5 Charitable Donations You Didn’t Know Were Tax-Deductible
You already know that cash donations to a qualified charity (i.e., one that’s recognized by the IRS as tax-exempt) are tax-deductible. But that’s not the only way your act of generosity can work in your favor this April. Here, five surprising charitable contributions that you can claim on your tax return.
Non-Cash Donations to a Qualified Charity
Did you give clothing, toys or furniture to your local Goodwill or Salvation Army last year? In the same way that you’re allowed to deduct cash donations, you can also take a deduction when you donate goods to a qualified charity. Just remember that in order to take that deduction, you’ll need an itemized receipt listing exactly what you gave away. And you can only deduct the fair market value of those items, meaning the amount that they’d sell for in their current condition (that armchair might have cost you $200 when you bought it, but after a few years of wear and tear, it’s probably worth closer to $50).
A lot of companies offer employees the opportunity to make charitable donations through their payroll. And while you may have felt pretty good about your donation back when you started, chances are you’ve kind of forgotten that these get taken out of your paycheck every month. To take this deduction, you’ll need to submit a pledge card showing the name of the charity and a pay stub or W-2 showing the total amount withheld—documents that your HR department should have on hand.
Expenses Related to Volunteering
While the IRS doesn’t allow you to deduct the value of your time, most of the out-of-pocket expenses related to volunteering are indeed deductible—as long as you were not reimbursed for them or they’re considered personal in nature (your Uber ride to a charity gala, for example, doesn’t qualify). Some of these expenses might include: transportation costs (including parking fees, gas mileage and tolls), uniforms or other clothing worn as part of your volunteering, and supplies used for your charitable service (like the cost of ingredients for that big pot of chili you brought to your local soup kitchen). Heck, you may even be able to deduct the cost of a babysitter if you paid them to watch your kids while you volunteered. Like with other donations, you’ll need to keep accurate records and documentation in order to claim these expenses on your return.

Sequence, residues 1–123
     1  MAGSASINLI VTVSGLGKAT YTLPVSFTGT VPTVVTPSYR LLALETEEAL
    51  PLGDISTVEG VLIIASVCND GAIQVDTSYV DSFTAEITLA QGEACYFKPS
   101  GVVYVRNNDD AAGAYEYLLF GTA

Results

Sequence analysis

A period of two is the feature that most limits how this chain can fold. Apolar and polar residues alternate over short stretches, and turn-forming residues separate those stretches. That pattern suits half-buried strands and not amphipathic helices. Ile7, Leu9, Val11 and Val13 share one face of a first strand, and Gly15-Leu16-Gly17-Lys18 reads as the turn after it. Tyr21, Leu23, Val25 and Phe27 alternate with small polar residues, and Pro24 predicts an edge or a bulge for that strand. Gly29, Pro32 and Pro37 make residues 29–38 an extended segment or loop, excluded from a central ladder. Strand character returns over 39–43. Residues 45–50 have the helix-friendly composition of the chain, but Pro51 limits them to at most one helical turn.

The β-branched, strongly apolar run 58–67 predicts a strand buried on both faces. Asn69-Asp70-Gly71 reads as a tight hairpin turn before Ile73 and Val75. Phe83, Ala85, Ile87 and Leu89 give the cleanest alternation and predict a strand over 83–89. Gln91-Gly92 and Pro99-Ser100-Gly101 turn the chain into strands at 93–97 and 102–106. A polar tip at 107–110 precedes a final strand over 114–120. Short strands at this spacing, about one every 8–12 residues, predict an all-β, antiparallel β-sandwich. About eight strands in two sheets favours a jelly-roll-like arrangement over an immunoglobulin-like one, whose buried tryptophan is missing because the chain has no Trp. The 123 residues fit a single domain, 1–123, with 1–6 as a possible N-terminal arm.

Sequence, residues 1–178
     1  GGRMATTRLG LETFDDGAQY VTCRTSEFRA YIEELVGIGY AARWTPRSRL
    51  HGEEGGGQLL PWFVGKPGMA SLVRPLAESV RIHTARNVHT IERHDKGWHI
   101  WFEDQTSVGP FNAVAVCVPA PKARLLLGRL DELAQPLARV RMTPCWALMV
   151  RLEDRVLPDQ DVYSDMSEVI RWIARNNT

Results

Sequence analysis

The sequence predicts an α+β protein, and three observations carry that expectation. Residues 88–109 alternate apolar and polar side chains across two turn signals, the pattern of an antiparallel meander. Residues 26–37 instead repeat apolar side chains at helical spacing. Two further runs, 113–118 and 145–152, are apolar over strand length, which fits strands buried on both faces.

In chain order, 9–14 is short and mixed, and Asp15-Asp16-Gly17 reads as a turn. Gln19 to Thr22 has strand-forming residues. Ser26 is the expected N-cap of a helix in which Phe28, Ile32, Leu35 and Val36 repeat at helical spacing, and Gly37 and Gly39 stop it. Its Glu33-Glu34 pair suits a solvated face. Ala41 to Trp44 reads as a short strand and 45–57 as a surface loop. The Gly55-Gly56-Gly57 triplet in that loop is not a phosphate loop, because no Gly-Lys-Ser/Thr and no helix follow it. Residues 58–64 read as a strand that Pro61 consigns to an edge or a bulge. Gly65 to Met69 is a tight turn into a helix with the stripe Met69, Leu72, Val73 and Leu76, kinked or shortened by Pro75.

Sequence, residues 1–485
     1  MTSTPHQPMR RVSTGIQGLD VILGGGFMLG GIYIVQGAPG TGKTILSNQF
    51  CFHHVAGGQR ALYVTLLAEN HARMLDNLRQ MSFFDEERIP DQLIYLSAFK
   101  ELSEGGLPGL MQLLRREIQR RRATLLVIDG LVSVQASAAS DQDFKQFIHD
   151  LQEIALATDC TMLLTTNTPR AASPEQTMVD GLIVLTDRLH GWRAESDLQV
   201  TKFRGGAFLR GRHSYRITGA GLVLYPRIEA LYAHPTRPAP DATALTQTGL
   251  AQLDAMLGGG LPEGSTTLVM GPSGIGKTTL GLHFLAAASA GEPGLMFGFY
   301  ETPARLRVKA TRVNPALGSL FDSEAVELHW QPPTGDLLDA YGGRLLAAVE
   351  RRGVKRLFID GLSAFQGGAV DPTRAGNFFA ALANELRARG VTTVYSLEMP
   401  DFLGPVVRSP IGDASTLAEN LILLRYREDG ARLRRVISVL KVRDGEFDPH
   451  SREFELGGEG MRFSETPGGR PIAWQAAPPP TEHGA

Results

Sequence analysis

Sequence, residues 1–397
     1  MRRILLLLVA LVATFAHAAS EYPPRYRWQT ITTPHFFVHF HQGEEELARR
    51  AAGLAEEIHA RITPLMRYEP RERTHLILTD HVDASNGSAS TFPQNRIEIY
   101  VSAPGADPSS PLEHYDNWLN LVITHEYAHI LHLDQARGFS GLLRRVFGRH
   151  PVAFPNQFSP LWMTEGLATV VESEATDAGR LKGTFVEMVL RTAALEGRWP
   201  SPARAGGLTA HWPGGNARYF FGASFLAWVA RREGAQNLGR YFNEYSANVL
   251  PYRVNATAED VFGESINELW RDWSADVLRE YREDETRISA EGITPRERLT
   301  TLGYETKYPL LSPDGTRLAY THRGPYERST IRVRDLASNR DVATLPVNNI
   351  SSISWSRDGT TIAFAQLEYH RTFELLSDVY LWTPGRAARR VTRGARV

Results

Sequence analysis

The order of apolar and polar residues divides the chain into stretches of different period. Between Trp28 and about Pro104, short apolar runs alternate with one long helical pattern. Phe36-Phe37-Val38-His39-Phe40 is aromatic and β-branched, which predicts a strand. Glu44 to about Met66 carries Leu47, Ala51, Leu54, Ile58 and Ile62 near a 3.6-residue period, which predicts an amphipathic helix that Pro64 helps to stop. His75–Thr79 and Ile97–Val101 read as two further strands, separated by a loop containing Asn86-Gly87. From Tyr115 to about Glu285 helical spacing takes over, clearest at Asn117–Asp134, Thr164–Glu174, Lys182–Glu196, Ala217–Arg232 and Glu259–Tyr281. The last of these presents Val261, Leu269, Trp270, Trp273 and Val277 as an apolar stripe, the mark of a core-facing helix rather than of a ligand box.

Ingredients for Your Local Bake Sale
Did you whip up a mean batch of brownies for a charity fund-raiser? You may be able to deduct the cost of the ingredients, says Lisa Greene-Lewis, a CPA and tax expert at TurboTax. Just make sure to save the grocery-store receipts so that you can itemize the costs in the unlikely case of an audit.
Donations to Religious Organizations
That includes churches, synagogues, temples and mosques. But again, in order to deduct your donation, you’ll need a record of it.